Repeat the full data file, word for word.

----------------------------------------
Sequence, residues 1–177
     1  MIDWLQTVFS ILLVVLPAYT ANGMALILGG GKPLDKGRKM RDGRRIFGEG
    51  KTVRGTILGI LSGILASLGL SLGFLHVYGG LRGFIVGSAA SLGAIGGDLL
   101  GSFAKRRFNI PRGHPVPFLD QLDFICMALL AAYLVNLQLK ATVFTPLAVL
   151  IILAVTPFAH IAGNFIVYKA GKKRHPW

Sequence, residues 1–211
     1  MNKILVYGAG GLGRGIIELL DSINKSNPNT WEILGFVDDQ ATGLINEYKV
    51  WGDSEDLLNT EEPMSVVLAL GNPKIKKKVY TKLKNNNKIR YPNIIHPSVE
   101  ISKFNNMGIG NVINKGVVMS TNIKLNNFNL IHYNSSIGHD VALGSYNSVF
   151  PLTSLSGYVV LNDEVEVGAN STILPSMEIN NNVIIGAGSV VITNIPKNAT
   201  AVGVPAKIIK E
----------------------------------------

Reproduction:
Sequence, residues 1–177
     1  MIDWLQTVFS ILLVVLPAYT ANGMALILGG GKPLDKGRKM RDGRRIFGEG
    51  KTVRGTILGI LSGILASLGL SLGFLHVYGG LRGFIVGSAA SLGAIGGDLL
   101  GSFAKRRFNI PRGHPVPFLD QLDFICMALL AAYLVNLQLK ATVFTPLAVL
   151  IILAVTPFAH IAGNFIVYKA GKKRHPW

Sequence, residues 1–211
     1  MNKILVYGAG GLGRGIIELL DSINKSNPNT WEILGFVDDQ ATGLINEYKV
    51  WGDSEDLLNT EEPMSVVLAL GNPKIKKKVY TKLKNNNKIR YPNIIHPSVE
   101  ISKFNNMGIG NVINKGVVMS TNIKLNNFNL IHYNSSIGHD VALGSYNSVF
   151  PLTSLSGYVV LNDEVEVGAN STILPSMEIN NNVIIGAGSV VITNIPKNAT
   201  AVGVPAKIIK E